29. 29. Lesson Overview Evolution as Genetic Change in Populations Large Population Genetic drift can cause changes in allele frequencies in small populations. Genetic drift has less effect on large populations, such as the seals shown. Large population size helps maintain genetic equilibrium.
  30. 30. Lesson Overview Evolution as Genetic Change in Populations No Mutations If mutations occur, new alleles may be introduced into the gene pool, and allele frequencies will change.
  31. 31. Lesson Overview Evolution as Genetic Change in Populations Random Mating All members of the population must have an equal opportunity to produce offspring. Individuals must mate with other members of the population at random. In natural populations, however, mating is not random. Female peacocks, for example, choose mates on the basis of physical characteristics such as brightly patterned tail feathers. Such nonrandom mating means that alleles for those traits are under selection pressure.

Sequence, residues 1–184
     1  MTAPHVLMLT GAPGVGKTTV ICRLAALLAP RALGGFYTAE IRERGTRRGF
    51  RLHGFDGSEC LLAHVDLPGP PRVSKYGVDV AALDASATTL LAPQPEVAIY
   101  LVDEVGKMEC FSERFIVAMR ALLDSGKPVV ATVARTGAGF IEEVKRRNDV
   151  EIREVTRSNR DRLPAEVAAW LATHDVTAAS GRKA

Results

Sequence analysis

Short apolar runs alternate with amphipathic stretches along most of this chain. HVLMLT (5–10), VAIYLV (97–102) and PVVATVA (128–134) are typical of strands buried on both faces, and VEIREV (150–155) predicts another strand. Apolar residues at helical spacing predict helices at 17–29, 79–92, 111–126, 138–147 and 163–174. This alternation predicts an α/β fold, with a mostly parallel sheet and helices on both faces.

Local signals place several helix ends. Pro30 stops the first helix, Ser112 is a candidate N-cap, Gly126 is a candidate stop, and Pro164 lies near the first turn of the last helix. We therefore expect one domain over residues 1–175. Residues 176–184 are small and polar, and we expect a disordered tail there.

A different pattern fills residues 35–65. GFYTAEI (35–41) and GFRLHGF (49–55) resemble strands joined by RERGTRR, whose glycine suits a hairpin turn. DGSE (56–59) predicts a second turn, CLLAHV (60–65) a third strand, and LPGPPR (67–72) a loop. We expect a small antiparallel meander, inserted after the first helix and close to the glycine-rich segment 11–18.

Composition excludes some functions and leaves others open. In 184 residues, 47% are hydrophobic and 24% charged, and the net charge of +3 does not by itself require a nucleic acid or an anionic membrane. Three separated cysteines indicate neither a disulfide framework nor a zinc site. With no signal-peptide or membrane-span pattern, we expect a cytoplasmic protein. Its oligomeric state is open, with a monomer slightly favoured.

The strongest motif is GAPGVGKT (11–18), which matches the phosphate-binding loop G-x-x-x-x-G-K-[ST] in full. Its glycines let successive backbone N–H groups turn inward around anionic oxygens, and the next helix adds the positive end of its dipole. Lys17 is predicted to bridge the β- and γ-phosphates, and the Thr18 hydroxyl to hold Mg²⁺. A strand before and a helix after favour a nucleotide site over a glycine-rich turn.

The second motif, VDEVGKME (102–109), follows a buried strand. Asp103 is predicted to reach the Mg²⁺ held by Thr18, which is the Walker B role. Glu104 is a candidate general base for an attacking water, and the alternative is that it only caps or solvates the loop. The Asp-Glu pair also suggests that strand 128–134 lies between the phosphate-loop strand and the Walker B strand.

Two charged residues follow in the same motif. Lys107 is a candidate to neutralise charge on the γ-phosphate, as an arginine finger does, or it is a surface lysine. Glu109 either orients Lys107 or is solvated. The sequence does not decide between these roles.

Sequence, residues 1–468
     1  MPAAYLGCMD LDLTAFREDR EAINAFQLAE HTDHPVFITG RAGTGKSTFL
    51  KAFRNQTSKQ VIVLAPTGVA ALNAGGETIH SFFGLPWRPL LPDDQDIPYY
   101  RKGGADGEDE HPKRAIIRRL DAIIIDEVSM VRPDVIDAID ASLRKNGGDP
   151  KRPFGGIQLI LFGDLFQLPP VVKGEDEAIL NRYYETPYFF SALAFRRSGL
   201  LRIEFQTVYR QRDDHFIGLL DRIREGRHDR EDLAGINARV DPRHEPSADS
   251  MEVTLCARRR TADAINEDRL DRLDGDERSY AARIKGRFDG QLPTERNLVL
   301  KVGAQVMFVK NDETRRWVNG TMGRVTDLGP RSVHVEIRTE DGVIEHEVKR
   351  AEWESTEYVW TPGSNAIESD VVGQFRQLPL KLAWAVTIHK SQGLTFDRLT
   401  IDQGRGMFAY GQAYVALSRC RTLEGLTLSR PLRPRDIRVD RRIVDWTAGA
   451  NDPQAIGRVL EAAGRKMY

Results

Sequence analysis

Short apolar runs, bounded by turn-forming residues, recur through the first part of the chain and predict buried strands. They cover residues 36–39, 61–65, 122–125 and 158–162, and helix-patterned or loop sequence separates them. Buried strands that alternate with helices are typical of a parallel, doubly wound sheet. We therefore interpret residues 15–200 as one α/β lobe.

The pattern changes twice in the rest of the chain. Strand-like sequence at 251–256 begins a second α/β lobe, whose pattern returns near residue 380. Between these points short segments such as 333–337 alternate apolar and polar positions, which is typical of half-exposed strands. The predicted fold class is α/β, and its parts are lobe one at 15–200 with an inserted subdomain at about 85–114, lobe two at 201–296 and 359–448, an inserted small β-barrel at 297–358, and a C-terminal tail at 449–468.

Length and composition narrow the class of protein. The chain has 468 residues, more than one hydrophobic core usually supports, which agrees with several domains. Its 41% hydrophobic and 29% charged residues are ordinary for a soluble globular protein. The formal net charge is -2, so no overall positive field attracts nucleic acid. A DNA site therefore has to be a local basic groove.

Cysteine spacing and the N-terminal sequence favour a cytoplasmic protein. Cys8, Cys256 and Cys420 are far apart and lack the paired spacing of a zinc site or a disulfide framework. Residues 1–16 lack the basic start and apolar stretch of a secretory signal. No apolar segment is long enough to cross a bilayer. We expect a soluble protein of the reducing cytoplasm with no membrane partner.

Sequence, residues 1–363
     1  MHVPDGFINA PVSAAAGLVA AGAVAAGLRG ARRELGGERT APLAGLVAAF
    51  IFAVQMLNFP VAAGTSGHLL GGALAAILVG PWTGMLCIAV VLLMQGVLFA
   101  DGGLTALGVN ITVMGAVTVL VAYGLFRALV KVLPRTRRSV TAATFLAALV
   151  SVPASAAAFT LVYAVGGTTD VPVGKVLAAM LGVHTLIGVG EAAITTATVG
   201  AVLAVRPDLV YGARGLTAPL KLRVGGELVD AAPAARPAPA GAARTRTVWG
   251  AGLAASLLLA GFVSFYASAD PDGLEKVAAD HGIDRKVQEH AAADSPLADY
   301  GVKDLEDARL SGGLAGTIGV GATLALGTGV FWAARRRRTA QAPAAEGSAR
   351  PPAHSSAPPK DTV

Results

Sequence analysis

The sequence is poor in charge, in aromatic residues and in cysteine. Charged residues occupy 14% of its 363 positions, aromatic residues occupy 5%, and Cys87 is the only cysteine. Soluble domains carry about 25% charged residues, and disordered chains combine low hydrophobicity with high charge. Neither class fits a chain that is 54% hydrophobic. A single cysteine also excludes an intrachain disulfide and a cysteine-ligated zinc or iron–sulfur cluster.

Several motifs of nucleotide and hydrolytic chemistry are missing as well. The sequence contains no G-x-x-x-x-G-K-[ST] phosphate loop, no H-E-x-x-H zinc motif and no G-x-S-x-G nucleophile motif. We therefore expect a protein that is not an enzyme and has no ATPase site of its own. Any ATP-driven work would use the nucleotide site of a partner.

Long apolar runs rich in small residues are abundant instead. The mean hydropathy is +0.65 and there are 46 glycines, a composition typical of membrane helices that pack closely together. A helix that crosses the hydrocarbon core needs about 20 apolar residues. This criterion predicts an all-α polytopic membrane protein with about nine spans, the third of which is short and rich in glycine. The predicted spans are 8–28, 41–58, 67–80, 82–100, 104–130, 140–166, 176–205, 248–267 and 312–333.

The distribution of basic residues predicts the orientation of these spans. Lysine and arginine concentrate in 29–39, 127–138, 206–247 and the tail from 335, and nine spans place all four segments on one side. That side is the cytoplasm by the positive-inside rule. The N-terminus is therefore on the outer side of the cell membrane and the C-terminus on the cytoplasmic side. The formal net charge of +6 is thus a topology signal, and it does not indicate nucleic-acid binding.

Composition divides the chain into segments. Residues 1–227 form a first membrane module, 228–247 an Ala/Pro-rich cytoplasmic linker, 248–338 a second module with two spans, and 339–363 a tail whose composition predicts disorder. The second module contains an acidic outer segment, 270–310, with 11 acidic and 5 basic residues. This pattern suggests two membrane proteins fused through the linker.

32. 32. Lesson Overview Evolution as Genetic Change in Populations No Movement Into or Out of the Population Individuals who join a population may introduce new alleles into the gene pool. Individuals who leave may remove alleles from the gene pool. Thus, for no alleles to flow into or out of the gene pool, there must be no movement of individuals into or out of a population.
  33. 33. Lesson Overview Evolution as Genetic Change in Populations No Natural Selection All genotypes in the population must have equal probabilities of surviving and reproducing. No phenotype can have a selective advantage over another.
  34. 34. Lesson Overview Evolution as Genetic Change in Populations Sexual Reproduction and Allele Frequency Meiosis and fertilization do not change the relative frequency of alleles in a population. The shuffling of genes during sexual reproduction produces many different gene combinations but does not alter the relative frequencies of alleles in a population.